OFFSET 1,1 COMMENTS Sometimes called Archimedes's constant. Ratio of a circle's circumference to its diameter. Also area of a circle with radius 1. Also surface area of a sphere with diameter 1. A useful mnemonic for remembering the first few terms: How I want a drink, alcoholic of course, after the heavy lectures involving quantum mechanics ... Also ratio of surface area of sphere to one of the faces of the circumscribed cube. Also ratio of volume of a sphere to one of the six inscribed pyramids in the circumscribed cube. - Omar E. Pol, Aug 09 2012 Also surface area of a quarter of a sphere of radius 1. - Omar E. Pol, Oct 03 2013 Also the area under the peak-shaped even function f(x)=1/cosh(x). Proof: for the upper half of the integral, write f(x) = (2*exp(-x))/(1+exp(-2x)) = 2*Sum_{k>=0} (-1)^k*exp(-(2k+1)*x) and integrate term by term from zero to infinity. The result is twice the Gregory series for Pi/4. - Stanislav Sykora, Oct 31 2013 A curiosity: a 144 X 144 magic square of 7th powers was recently constructed by Toshihiro Shirakawa. The magic sum = 3141592653589793238462643383279502884197169399375105, which is the concatenation of the first 52 digits of Pi. See the MultiMagic Squares link for details. - Christian Boyer, Dec 13 2013 [Comment revised by N. J. A. Sloane, Aug 27 2014] x*Pi is also the surface area of a sphere whose diameter equals the square root of x. - Omar E. Pol, Dec 25 2013 Also diameter of a sphere whose surface area equals the volume of the circumscribed cube. - Omar E. Pol, Jan 13 2014 From Daniel Forgues, Mar 20 2015: (Start) An interesting anecdote about the base-10 representation of Pi, with 3 (integer part) as first (index 1) digit:   358 0   359 3   360 6   361 0   362 0 And the circle is customarily subdivided into 360 degrees (although Pi radians yields half the circle)... (End) Sometimes referred to as Archimedes's constant, because the Greek mathematician computed lower and upper bounds of Pi by drawing regular polygons inside and outside a circle. In Germany it was called the Ludolphian number until the early 20th century after the Dutch mathematician Ludolph van Ceulen (1540-1610) who calculated up to 35 digits of Pi in the late 16th century. - Martin Renner, Sep 07 2016 As of the beginning of 2019 more than 22 trillion decimal digits of Pi are known. See the Wikipedia article "Chronology of computation of Pi". - Harvey P. Dale, Jan 23 2019 On March 14, 2019, Emma Haruka Iwao announced the calculation of 31.4 trillion digits of Pi using Google Cloud's infrastructure. - David Radcliffe, Apr 10 2019 Also volume of three quarters of a sphere of radius 1. - Omar E. Pol, Aug 16 2019 On August 5, 2021, researchers from the University of Applied Sciences of the Grisons in Switzerland announced they had calculated 62.8 trillion digits. Guinness World Records has not verified this yet. - Alonso del Arte, Aug 23 2021 REFERENCES Mohammad K. Azarian, A Summary of Mathematical Works of Ghiyath ud-din Jamshid Kashani, Journal of Recreational Mathematics, Vol. 29(1), pp. 32-42, 1998. J. Arndt & C. Haenel, Pi Unleashed, Springer NY 2001. P. Beckmann, A History of Pi, Golem Press, Boulder, CO, 1977. J.-P. Delahaye, Le fascinant nombre pi, Pour la Science, Paris 1997. P. Eyard and J.-P. Lafon, The Number Pi, Amer. Math. Soc., 2004. S. R. Finch, Mathematical Constants, Encyclopedia of Mathematics and its Applications, vol. 94, Cambridge University Press, Section 1.4. Le Petit Archimede, Special Issue On Pi, Supplement to No. 64-5, May 1980 ADCS Amiens. Clifford A. Pickover, A Passion for Mathematics, Wiley, 2005; see p. 31. N. J. A. Sloane, A Handbook of Integer Sequences, Academic Press, 1973 (includes this sequence). N. J. A. Sloane and Simon Plouffe, The Encyclopedia of Integer Sequences, Academic Press, 1995 (includes this sequence). LINKS Harry J. Smith, Table of n, a(n) for n = 1..20000 Sanjar M. Abrarov, Rehan Siddiqui, Rajinder K. Jagpal, Brendan M. Quine, Unconditional applicability of the Lehmer's measure to the two-term Machin-like formula for pi, arXiv:2004.11711 [math.GM], 2020. Dave Andersen, Pi-Search Page Anonymous, A million digits of Pi Mohammad K. Azarian, Meftah al-hesab: A Summary, MJMS, Vol. 12, No. 2, Spring 2000, pp. 75-95. Mathematical Reviews, MR 1 764 526. Zentralblatt MATH, Zbl 1036.01002. Mohammad K. Azarian, Al-Kashi's Fundamental Theorem, International Journal of Pure and Applied Mathematics, Vol. 14, No. 4, 2004, pp. 499-509. Mathematical Reviews, MR2005b:01021 (01A30), February 2005, p. 919. Zentralblatt MATH, Zbl 1059.01005. Mohammad K. Azarian, Al-Risala al-Muhitiyya: A Summary, Missouri Journal of Mathematical Sciences, Vol. 22, No. 2, 2010, pp. 64-85. Mohammad K. Azarian, The Introduction of Al-Risala al-Muhitiyya: An English Translation, International Journal of Pure and Applied Mathematics, Vol. 57, No. 6, 2009, pp. 903-914. D. H. Bailey, On Kanada's computation of 1.24 trillion digits of Pi [archived page] D. H. Bailey and J. M. Borwein, Experimental Mathematics: Examples, Methods and Implications, Notices of the AMS, Volume 52, Number 5,  May 2005, pp. 502-514. Harry Baker, "Pi calculated to a record-breaking 62.8 trillion digits", Live Science, August 17, 2021. Steve Baker and Thomas Moore, 100 trillion digits of pi Frits Beukers, A rational approach to Pi, Nieuw Archief voor de Wiskunde, December 2000, pp. 372-379. J. M. Borwein, Talking about Pi J. M. Borwein and M. Macklem, The (Digital) Life of Pi, The Australian Mathematical Society Gazette, Volume 33, Number 5, Sept. 2006, pp. 243-248. Peter Borwein, The amazing number Pi, Nieuw Archief voor de Wiskunde, September 2000, pp. 254-258. Christian Boyer, MultiMagic Squares J. Britton, Mnemonics For The Number Pi [archived page] D. Castellanos, The ubiquitous pi, Math. Mag., 61 (1988), 67-98 and 148-163. Jonas Castillo Toloza, Fascinating Method for Finding Pi E. S. Croot, Pade Approximations and the Transcendence of pi L. Euler, On the sums of series of reciprocals, arXiv:math/0506415 [math.HO], 2005-2008. L. Euler, De summis serierum reciprocarum, E41. Eureka, Tout pi or not tout pi Ph. Flajolet and I. Vardi, Zeta function expansions of some classical constants Jeremy Gibbons, Unbounded Spigot Algorithms for the Digits of Pi X. Gourdon, Pi to 16000 decimals [archived page] Xavier Gourdon, A new algorithm for computing Pi in base 10 X. Gourdon and P. Sebah, Archimedes' constant Pi B. Gourevitch, L'univers de Pi L. Grebelius, Approximation of Pi: First 1000000 digits J. Guillera and J. Sondow, Double integrals and infinite products for some classical constants via analytic continuations of Lerch's transcendent, Ramanujan J. 16 (2008) 247-270. Preprint: arXiv:math/0506319 [math.NT] (2005-2006). Carl-Johan Haster, Pi from the sky -- A null test of general relativity from a population of gravitational wave observations, arXiv:2005.05472 [gr-qc], 2020. H. Havermann, Simple Continued Fraction for Pi [archived page] M. D. Huberty et al., 100000 Digits of Pi ICON Project, Pi to 50000 places [archived page] P. Johns, 120000 Digits of Pi [archived page] Yasumasa Kanada, 1.24 trillion digits of Pi Yasumasa Kanada and Daisuke Takahashi, 206 billion digits of Pi [archived page] Literate Programs, Pi with Machin's formula (Haskell) [archived page] Johannes W. Meijer, Pi everywhere poster, Mar 14 2013 J. Moyer, First 10000 digits of pi NERSC, Search Pi [broken link] Remco Niemeijer, The Digits of Pi, programmingpraxis Steve Pagliarulo, Stu's pi page [archived page] Chittaranjan Pardeshi, BBP-Like formula for Pi in Golden Ratio Base Phi Michael Penn, A nice inverse tangent integral., YouTube video, 2020. Michael Penn, Pi is irrational (π∉ℚ), YouTube video, 2020. I. Peterson, A Passion for Pi G. M. Phillips, Table of contents of "Pi: A source Book" Simon Plouffe, 10000 digits of Pi Simon Plouffe, A formula for the nth decimal digit or binary of Pi and powers of Pi, arXiv:2201.12601 [math.NT], 2022. D. Pothet, Chronologie du calcul des decimales de pi [broken link] M. Z. Rafat and D. Dobie, Throwing Pi at a wall, arXiv:1901.06260 [physics.class-ph], 2020. S. Ramanujan, Modular equations and approximations to \pi, Quart. J. Math. 45 (1914), 350-372. M. Ripa and G. Morelli, Retro-analytical Reasoning IQ tests for the High Range, 2013. Grant Sanderson, Why do colliding blocks compute pi?, 3Blue1Brown video (2019). Daniel B. Sedory, The Pi Pages D. Shanks and J. W. Wrench, Jr., Calculation of pi to 100,000 decimals, Math. Comp. 16 1962 76-99. Jean-Louis Sigrist, Les 128000 premieres decimales du nombre PI Sizes, pi A. Sofo, Pi and some other constants, Journal of Inequalities in Pure and Applied Mathematics, Vol. 6, Issue 5, Article 138, 2005. Jonathan Sondow, A faster product for Pi and a new integral for ln Pi/2, arXiv:math/0401406 [math.NT], 2004; Amer. Math. Monthly 112 (2005) 729-734. D. Surendran, Can I have a small container of coffee? [archived page] Wislawa Szymborska, Pi (The admirable number Pi), Miracle Fair, 2002. G. Vacca, A new analytical expression for the number pi, and some historical considerations, Bull. Amer. Math. Soc. 16 (1910), 368-369. Stan Wagon, Is Pi Normal? Eric Weisstein's World of Mathematics, Pi and Pi Digits Wikipedia, Bailey-Borwein-Plouffe formula, Normal Number, and Pi Alexander J. Yee & Shigeru Kondo, 5 Trillion Digits of Pi - New World Record Alexander J. Yee & Shigeru Kondo, Round 2... 10 Trillion Digits of Pi FORMULA Pi = 4*Sum_{k>=0} (-1)^k/(2k+1) [Madhava-Gregory-Leibniz, 1450-1671]. - N. J. A. Sloane, Feb 27 2013 From Johannes W. Meijer, Mar 10 2013: (Start) 2/Pi = (sqrt(2)/2) * (sqrt(2 + sqrt(2))/2) * (sqrt(2 + sqrt(2 + sqrt(2)))/2) * ... [Viete, 1593] 2/Pi = Product_{k>=1} (4*k^2-1)/(4*k^2). [Wallis, 1655] Pi = 3*sqrt(3)/4 + 24*(1/12 - Sum_{n>=2} (2*n-2)!/((n-1)!^2*(2*n-3)*(2*n+1)*2^(4*n-2))). [Newton, 1666] Pi/4 = 4*arctan(1/5) - arctan(1/239). [Machin, 1706] Pi^2/6 = 3*Sum_{n>=1} 1/(n^2*binomial(2*n,n)). [Euler, 1748] 1/Pi = (2*sqrt(2)/9801) * Sum_{n>=0} (4*n)!*(1103+26390*n)/((n!)^4*396^(4*n)). [Ramanujan, 1914] 1/Pi = 12*Sum_{n>=0} (-1)^n*(6*n)!*(13591409 + 545140134*n)/((3*n)!*(n!)^3*(64032^3)^(n+1/2)). [David and Gregory Chudnovsky, 1989] Pi = Sum_{n>=0} (1/16^n) * (4/(8*n+1) - 2/(8*n+4) - 1/(8*n+5) - 1/(8*n+6)). [Bailey-Borwein-Plouffe, 1989] (End) Pi = 4 * Sum_{k>=0} 1/(4*k+1) - 1/(4*k+3). - Alexander R. Povolotsky, Dec 25 2008 Pi = 4*sqrt(-1*(Sum_{n>=0} (i^(2*n+1))/(2*n+1))^2). - Alexander R. Povolotsky, Jan 25 2009 Pi = Integral_{x=-infinity..infinity} dx/(1+x^2). - Mats Granvik and Gary W. Adamson, Sep 23 2012 Pi - 2 = 1/1 + 1/3 - 1/6 - 1/10 + 1/15 + 1/21 - 1/28 - 1/36 + 1/45 + ... [Jonas Castillo Toloza, 2007], that is, Pi - 2 = Sum_{n>=1} (1/((-1)^floor((n-1)/2)*(n^2+n)/2)). - José de Jesús Camacho Medina, Jan 20 2014 Pi = 3 * Product_{t=img(r),r=(1/2+i*t) root of zeta function} (9+4*t^2)/(1+4*t^2) <=> RH is true. - Dimitris Valianatos, May 05 2016 From Ilya Gutkovskiy, Aug 07 2016: (Start) Pi = Sum_{k>=1} (3^k - 1)*zeta(k+1)/4^k. Pi = 2*Product_{k>=2} sec(Pi/2^k). Pi = 2*Integral_{x>=0} sin(x)/x dx. (End) Pi = 2^{k + 1}*arctan(sqrt(2 - a_{k - 1})/a_k) at k >= 2, where a_k = sqrt(2 + a_{k - 1}) and a_1 = sqrt(2). - Sanjar Abrarov, Feb 07 2017 a(n) = -10*floor(Pi*10^(-2 + n)) + floor(Pi*10^(-1 + n)) for n > 0. - Mariusz Iwaniuk, Apr 28 2017 Pi = Integral_{x = 0..2} sqrt(x/(2 - x)) dx. - Arkadiusz Wesolowski, Nov 20 2017 Pi = lim_{n->infinity} 2/n * Sum_{m=1,n} ( sqrt( (n+1)^2 - m^2 ) - sqrt( n^2 - m^2 ) ). - Dimitri Papadopoulos, May 31 2019 From Peter Bala, Oct 29 2019: (Start) Pi = Sum_{n >= 0} 2^(n+1)/( binomial(2*n,n)*(2*n + 1) ) - Euler. More generally, Pi = 4^x*x!/(2*x)! * Sum_{n >= 0} 2^(n+1)*(n+x)!*(n+2*x)!/(2*n+2*x+1)! = 2*4^x*x!^2/(2*x+1)! * hypergeom([2*x+1,1], [x+3/2], 1/2), valid for complex x not in {-1/2,-1,-3/2,-2,...}. Here, x! is shorthand notation for the function Gamma(x+1). This identity may be proved using Gauss's second summation theorem. Setting x = 3/4 and x = -1/4 (resp. x = 1/4 and x = -3/4) in the above identity leads to series representations for the constant A085565 (resp. A076390). (End) Pi = Im(log(-i^i)) = log(i^i)*(-2). - Peter Luschny, Oct 29 2019 From Amiram Eldar, Aug 15 2020: (Start) Equals 2 + Integral_{x=0..1} arccos(x)^2 dx. Equals Integral_{x=0..oo} log(1 + 1/x^2) dx. Equals Integral_{x=0..oo} log(1 + x^2)/x^2 dx. Equals Integral_{x=-oo..oo} exp(x/2)/(exp(x) + 1) dx. (End) Equals 4*(1/2)!^2 = 4*Gamma(3/2)^2. - Gary W. Adamson, Aug 23 2021 From Peter Bala, Dec 08 2021: (Start) Pi = 32*Sum_{n >= 1} (-1)^n*n^2/((4*n^2 - 1)*(4*n^2 - 9))= 384*Sum_{n >= 1} (-1)^(n+1)*n^2/((4*n^2 - 1)*(4*n^2 - 9)*(4*n^2 - 25)). More generally, it appears that for k = 1,2,3,..., Pi = 16*(2*k)!*Sum_{n >= 1} (-1)^(n+k+1)*n^2/((4*n^2 - 1)* ... *(4*n^2 - (2*k+1)^2)). Pi = 32*Sum_{n >= 1} (-1)^(n+1)*n^2/(4*n^2 - 1)^2 = 768*Sum_{n >= 1} (-1)^(n+1)*n^2/((4*n^2 - 1)^2*(4*n^2 - 9)^2). More generally, it appears that for k = 0,1,2,..., Pi = 16*Catalan(k)*(2*k)!*(2*k+2)!*Sum_{n >= 1} (-1)^(n+1)*n^2/((4*n^2 - 1)^2* ... *(4*n^2 - (2*k+1)^2)^2). Pi = (2^8)*Sum_{n >= 1} (-1)^(n+1)*n^2/(4*n^2 - 1)^4 = (2^17)*(3^5)*Sum_{n >= 2} (-1)^n*n^2*(n^2 - 1)/((4*n^2 - 1)^4*(4*n^2 - 9)^4) = (2^27)*(3^5)*(5^5)* Sum_{n >= 3} (-1)^(n+1)*n^2*(n^2 - 1)*(n^2 - 4)/((4*n^2 - 1)^4*(4*n^2 - 9)^4*(4*n^2 - 25)^4). (End) More generally, for odd n, Pi = (2^(n-1)/A001818((n-1)/2))*gamma(n/2)^2. - Alan Michael Gómez Calderón, Mar 11 2022 Pi = 4/phi + Sum_(n>=0) (1/phi^(12*n)) * ( 8/((12*n+3)*phi^3) + 4/((12*n+5)*phi^5) - 4/((12*n+7)*phi^7) - 8/((12*n+9)*phi^9) - 4/((12*n+11)*phi^11) + 4/((12*n+13)*phi^13) ) where phi = (1+sqrt(5))/2. - Chittaranjan Pardeshi, 16 May 2022 Pi = sqrt(3)*(27*S - 36)/24, where S = A248682. - Peter Luschny, Jul 22 2022 EXAMPLE 3.1415926535897932384626433832795028841971693993751058209749445923078164062\ 862089986280348253421170679821480865132823066470938446095505822317253594081\ 284811174502841027019385211055596446229489549303819... MAPLE Digits := 110: Pi*10^104: ListTools:-Reverse(convert(floor(%), base, 10)); # Peter Luschny, Oct 29 2019 MATHEMATICA RealDigits[ N[ Pi, 105]] [] (* PROGRAM STARTS *) Clear[a, k] k = RandomInteger[{2, 10^3}]; Print["Random integer k = ", k] a[k_] := N[Nest[Sqrt[2 + #1] &, 0, k], 1000] RealDigits[N[2^(k + 1)*ArcTan[Sqrt[2 - a[k - 1]]/a[k]], 100]][] (* Sanjar Abrarov, Feb 07 2017 *) Table[ResourceFunction["NthDigit"][Pi, n], {n, 1, 102}] (* Joan Ludevid, Jun 22 2022; easy to compute a(10000000)=7 with this function; requires Mathematica 12.0+ *) PROG (Macsyma) py(x) := if equal(6, 6+x^2) then 2*x else (py(x:x/3), 3*%%-4*(%%-x)^3); py(3.); py(dfloat(%)); block([bfprecision:35], py(bfloat(%))) /* Bill Gosper, Sep 09 2002 */ (PARI) { default(realprecision, 20080); x=Pi; for (n=1, 20000, d=floor(x); x=(x-d)*10; write("b000796.txt", n, " ", d)); } \\ Harry J. Smith, Apr 15 2009 (PARI) A796=[]; A000796(n)={if(n>#A796, localprec(n*6\5+29); A796=digits(Pi\.1^(precision(Pi)-3))); A796[n]} \\ NOTE: as the other programs, this returns the n-th term of the sequence, with n = 1, 2, 3, ... and not n = 1, 0, -1, -2, .... - M. F. Hasler, Jun 21 2022 (PARI) first(n)= default(realprecision, n+10); digits(floor(Pi*10^(n-1))) \\ David A. Corneth, Jun 21 2022 (Haskell)  see link: Literate Programs import Data.Char (digitToInt) a000796 n = a000796_list (n + 1) !! (n + 1) a000796_list len = map digitToInt $show$ machin' div (10 ^ 10) where    machin' = 4 * (4 * arccot 5 unity - arccot 239 unity)    unity = 10 ^ (len + 10)    arccot x unity = arccot' x unity 0 (unity div x) 1 1 where      arccot' x unity summa xpow n sign       | term == 0 = summa       | otherwise = arccot'         x unity (summa + sign * term) (xpow div x ^ 2) (n + 2) (- sign)       where term = xpow div n -- Reinhard Zumkeller, Nov 24 2012 (Haskell) See Niemeijer link and also Gibbons link. a000796 n = a000796_list !! (n-1) :: Int a000796_list = map fromInteger \$ piStream (1, 0, 1)    [(n, a*d, d) | (n, d, a) <- map (\k -> (k, 2 * k + 1, 2)) [1..]] where    piStream z xs'@(x:xs)      | lb /= approx z 4 = piStream (mult z x) xs      | otherwise = lb : piStream (mult (10, -10 * lb, 1) z) xs'      where lb = approx z 3            approx (a, b, c) n = div (a * n + b) c            mult (a, b, c) (d, e, f) = (a * d, a * e + b * f, c * f) -- Reinhard Zumkeller, Jul 14 2013, Jun 12 2013 (Magma) pi:=Pi(RealField(110)); Reverse(Intseq(Floor(10^105*pi))); // Bruno Berselli, Mar 12 2013 (Python) from sympy import pi, N; print(N(pi, 1000)) # David Radcliffe, Apr 10 2019 (Python) from mpmath import mp def A000796(n):     if n >= len(A000796.str): mp.dps = n*6//5+50; A000796.str = str(mp.pi-5/mp.mpf(10)**mp.dps)     return int(A000796.str[n if n>1 else 0]) A000796.str = '' # M. F. Hasler, Jun 21 2022 CROSSREFS Cf. A001203 (continued fraction). Pi in base b: A004601 (b=2), A004602 (b=3), A004603 (b=4), A004604 (b=5), A004605 (b=6), A004606 (b=7), A006941 (b=8), A004608 (b=9), this sequence (b=10), A068436 (b=11), A068437 (b=12), A068438 (b=13), A068439 (b=14), A068440 (b=15), A062964 (b=16), A224750 (b=26), A224751 (b=27), A060707 (b=60). - Jason Kimberley, Dec 06 2012 Decimal expansions of expressions involving Pi: A002388 (Pi^2), A003881 (Pi/4), A013661 (Pi^2/6), A019692 (2*Pi=tau), A019727 (sqrt(2*Pi)), A059956 (6/Pi^2), A060294 (2/Pi), A091925 (Pi^3), A092425 (Pi^4), A092731 (Pi^5), A092732 (Pi^6), A092735 (Pi^7), A092736 (Pi^8), A163973 (Pi/log(2)). Cf. A001901 (Pi/2; Wallis), A002736 (Pi^2/18; Euler), A007514 (Pi), A048581 (Pi; BBP), A054387 (Pi; Newton), A092798 (Pi/2), A096954 (Pi/4; Machin), A097486 (Pi), A122214 (Pi/2), A133766 (Pi/4 - 1/2), A133767 (5/6 - Pi/4), A166107 (Pi; MGL). Cf. A248682. Sequence in context: A247385 A253214 A112602 * A212131 A114609 A271452 Adjacent sequences:  A000793 A000794 A000795 * A000797 A000798 A000799 KEYWORD cons,nonn,nice,core,easy AUTHOR EXTENSIONS Additional comments from William Rex Marshall, Apr 20 2001 STATUS approved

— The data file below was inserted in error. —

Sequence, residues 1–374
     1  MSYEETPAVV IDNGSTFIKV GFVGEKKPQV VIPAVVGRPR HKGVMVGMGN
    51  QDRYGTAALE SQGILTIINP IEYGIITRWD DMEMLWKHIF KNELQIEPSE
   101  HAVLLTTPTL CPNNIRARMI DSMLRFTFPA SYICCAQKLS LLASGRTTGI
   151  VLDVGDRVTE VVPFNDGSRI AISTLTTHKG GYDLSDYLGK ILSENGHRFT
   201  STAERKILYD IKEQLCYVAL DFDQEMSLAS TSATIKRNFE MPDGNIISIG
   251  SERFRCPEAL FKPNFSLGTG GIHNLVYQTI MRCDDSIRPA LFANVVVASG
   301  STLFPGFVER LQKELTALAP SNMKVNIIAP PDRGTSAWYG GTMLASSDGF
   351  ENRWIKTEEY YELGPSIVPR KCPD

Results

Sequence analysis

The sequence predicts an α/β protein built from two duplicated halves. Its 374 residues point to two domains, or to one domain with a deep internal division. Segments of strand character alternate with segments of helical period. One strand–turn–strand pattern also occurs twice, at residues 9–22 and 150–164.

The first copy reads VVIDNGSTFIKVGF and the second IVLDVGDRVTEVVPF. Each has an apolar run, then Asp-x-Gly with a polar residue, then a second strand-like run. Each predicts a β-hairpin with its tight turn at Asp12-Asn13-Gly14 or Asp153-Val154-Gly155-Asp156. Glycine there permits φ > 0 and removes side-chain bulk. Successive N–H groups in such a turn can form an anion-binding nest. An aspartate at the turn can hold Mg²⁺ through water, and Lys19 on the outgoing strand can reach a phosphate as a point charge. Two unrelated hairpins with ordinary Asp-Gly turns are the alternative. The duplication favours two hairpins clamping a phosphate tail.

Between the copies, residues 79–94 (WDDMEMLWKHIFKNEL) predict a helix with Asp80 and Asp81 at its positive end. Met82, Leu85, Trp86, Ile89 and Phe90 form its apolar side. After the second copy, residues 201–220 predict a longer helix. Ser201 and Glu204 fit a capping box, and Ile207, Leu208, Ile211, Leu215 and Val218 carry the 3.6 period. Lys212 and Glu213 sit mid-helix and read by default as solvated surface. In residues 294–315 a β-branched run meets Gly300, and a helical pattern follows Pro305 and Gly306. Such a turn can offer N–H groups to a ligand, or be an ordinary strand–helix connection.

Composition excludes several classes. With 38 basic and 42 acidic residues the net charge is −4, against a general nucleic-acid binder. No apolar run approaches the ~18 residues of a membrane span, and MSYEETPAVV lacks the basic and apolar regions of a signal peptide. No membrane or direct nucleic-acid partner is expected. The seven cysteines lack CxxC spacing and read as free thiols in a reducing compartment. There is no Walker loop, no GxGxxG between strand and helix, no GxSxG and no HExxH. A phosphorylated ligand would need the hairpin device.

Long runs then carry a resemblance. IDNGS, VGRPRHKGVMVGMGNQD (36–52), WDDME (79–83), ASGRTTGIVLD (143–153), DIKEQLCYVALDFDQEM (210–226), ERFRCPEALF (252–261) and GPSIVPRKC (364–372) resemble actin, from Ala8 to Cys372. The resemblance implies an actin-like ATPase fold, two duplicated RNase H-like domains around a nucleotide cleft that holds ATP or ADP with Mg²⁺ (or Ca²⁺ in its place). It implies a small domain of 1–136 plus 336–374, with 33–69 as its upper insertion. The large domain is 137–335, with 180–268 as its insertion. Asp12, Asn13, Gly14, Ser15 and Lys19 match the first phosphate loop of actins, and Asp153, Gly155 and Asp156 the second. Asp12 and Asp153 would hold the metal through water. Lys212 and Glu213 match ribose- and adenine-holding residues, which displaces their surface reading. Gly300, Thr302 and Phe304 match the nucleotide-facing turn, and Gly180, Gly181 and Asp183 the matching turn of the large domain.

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Last modified October 2 05:15 EDT 2022. Contains 357191 sequences. (Running on oeis4.)